Friday, October 31, 2014

Consumer Watchdog / PubPat seek Supreme Court review of standing issue in stem call case concerning WARF's US 7,029,913

In the year 2008, IPBiz discussed the challenge to WARF's US Pat. 7,029,913 made by PubPat and Consumer Watchdog. See post
How significant was the PubPat wiff on re-exam of US 7,029,913?

A headline in the San Diego Union-Tribune on October 30, 2014 Stem cell patent to reach Supreme Court actually means that a petition for cert is being filed, not that the Supreme Court has agreed to hear the case. The legal issue is NOT about the patenting of the stem cell material, but rather about whether Consumer Watchdog has standing to bring the case.

Earlier in 2014, PatentDocs described the issue presented in the case, and the viewpoint expressed by the Federal government:

While noting that "Congress may -- and commonly does -- authorize administrative agencies to take action or issue decisions at the behest of parties who lack any particularized interest in the subject matter of the proceeding," the government states that "[w]hen the petitioner in such a proceeding later seeks judicial review in an Article III court, . . . 'the constitutional requirement that it have standing kicks in.'" The government suggests that in many cases, the petitioner's standing to appeal will be apparent. For example, the brief notes that if the Board had determined that the '913 patent was unpatentable, "there would have been little doubt regarding WARF's standing to appeal that adverse decision." However, the government argues that Consumer Watchdog cannot appeal the Board's decision affirming the patentability of the '913 patent "unless it can identify some particularized, real-world consequence of that decision for Consumer Watchdog itself." Although "Consumer Watchdog is plainly adverse to WARF and believes the ’913 patent to be invalid," the brief asserts that this alone is insufficient to demonstrate the existence of a justiciable case or controversy. The government explains that Consumer Watchdog "claims no commercial interest in the subject matter of the ’913 patent; it faces no plausible risk of an infringement claim; it is neither a prospective competitor nor a prospective licensee of WARF[; n]or does Consumer Watchdog assert any basis for associational or representative standing." As a result, the government contends that Consumer Watchdog lacks standing to appeal the Board's reexamination decision because, "as far as the organization's own concrete interests are concerned, it does not matter whether PTO got the right answer."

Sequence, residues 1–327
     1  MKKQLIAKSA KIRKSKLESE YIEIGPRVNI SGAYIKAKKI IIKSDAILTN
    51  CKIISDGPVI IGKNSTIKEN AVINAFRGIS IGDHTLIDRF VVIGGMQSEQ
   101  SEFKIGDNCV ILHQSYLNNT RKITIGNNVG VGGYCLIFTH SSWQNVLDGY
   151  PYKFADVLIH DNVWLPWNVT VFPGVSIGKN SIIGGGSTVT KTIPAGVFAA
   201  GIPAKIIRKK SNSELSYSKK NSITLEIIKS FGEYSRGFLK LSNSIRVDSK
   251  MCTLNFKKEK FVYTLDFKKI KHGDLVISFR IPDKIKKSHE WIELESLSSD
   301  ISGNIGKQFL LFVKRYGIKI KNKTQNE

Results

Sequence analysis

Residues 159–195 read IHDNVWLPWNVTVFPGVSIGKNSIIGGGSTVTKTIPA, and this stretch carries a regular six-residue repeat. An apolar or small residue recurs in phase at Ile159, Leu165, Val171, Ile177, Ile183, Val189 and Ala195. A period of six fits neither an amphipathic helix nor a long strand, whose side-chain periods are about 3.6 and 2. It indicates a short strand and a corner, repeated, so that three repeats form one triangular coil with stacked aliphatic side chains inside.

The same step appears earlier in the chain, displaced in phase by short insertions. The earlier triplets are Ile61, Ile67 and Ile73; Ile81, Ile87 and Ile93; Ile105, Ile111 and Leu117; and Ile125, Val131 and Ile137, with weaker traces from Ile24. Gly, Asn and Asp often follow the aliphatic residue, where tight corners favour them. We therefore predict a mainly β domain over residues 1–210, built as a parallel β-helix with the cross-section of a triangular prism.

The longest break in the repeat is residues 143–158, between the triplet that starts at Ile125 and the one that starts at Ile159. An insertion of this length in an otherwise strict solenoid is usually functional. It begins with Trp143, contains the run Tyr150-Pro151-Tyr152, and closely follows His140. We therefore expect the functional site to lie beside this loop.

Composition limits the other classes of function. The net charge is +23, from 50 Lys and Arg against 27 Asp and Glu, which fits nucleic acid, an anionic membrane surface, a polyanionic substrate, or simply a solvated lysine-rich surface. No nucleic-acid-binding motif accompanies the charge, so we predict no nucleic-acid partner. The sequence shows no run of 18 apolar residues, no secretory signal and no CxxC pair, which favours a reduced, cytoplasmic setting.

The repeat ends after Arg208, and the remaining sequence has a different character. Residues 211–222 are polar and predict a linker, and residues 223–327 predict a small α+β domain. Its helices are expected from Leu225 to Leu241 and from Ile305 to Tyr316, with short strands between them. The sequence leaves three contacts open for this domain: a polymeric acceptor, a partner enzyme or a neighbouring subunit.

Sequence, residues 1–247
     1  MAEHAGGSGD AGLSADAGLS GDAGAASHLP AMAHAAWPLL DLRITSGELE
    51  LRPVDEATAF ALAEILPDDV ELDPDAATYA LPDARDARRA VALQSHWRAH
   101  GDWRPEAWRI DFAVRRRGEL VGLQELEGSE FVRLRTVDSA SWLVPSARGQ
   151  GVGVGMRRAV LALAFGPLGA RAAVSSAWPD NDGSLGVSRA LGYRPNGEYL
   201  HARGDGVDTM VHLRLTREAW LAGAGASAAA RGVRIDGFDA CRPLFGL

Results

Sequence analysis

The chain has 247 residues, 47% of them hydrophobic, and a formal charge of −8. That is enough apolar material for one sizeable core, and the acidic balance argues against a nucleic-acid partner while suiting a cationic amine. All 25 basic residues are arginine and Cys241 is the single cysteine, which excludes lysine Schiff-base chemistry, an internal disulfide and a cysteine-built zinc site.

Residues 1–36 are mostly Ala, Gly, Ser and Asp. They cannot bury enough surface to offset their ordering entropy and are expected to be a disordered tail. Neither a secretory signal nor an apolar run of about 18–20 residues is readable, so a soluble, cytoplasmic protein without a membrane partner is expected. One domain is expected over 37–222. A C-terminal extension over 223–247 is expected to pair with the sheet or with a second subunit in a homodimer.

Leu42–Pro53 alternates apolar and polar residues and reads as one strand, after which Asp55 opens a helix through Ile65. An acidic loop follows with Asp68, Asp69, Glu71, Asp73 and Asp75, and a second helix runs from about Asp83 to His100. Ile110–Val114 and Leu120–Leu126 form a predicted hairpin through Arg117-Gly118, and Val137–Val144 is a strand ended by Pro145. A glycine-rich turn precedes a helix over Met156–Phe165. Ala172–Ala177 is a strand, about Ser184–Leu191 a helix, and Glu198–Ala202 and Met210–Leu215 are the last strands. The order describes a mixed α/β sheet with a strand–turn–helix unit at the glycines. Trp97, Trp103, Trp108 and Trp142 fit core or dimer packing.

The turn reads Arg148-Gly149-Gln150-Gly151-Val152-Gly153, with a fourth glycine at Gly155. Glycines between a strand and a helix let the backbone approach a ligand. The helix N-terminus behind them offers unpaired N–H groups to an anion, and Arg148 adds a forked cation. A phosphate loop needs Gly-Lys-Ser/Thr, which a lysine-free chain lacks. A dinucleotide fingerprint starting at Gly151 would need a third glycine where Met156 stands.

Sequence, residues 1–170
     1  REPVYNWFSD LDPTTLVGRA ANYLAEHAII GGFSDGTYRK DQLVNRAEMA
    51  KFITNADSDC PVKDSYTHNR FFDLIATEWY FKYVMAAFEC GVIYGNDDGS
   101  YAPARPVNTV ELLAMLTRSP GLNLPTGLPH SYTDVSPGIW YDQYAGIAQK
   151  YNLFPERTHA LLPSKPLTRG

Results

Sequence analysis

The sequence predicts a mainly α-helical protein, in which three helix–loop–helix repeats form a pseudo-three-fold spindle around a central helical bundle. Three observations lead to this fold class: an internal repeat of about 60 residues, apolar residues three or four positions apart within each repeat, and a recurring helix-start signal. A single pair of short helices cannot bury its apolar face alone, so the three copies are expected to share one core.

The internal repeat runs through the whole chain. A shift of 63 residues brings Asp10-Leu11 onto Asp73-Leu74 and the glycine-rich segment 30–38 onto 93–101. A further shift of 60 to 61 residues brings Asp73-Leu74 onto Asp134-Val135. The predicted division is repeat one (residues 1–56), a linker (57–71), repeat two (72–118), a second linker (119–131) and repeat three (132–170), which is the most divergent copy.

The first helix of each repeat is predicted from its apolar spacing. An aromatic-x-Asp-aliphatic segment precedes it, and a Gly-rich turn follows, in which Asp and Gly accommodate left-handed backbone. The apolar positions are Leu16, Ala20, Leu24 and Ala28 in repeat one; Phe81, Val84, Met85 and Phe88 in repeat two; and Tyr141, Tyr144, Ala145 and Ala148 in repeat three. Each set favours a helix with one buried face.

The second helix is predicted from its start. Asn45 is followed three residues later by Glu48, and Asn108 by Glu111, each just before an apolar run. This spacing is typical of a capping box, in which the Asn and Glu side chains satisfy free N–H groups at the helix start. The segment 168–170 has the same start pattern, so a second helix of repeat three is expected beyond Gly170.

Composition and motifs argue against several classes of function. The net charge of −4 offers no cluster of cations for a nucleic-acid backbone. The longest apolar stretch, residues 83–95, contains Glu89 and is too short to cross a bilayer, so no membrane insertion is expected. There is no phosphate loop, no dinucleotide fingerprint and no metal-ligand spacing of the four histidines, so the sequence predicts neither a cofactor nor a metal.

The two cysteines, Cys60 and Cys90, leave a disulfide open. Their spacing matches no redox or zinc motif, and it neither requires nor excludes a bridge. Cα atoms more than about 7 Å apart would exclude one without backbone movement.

See WARF's arguments against standing for Consumer Watchdog.


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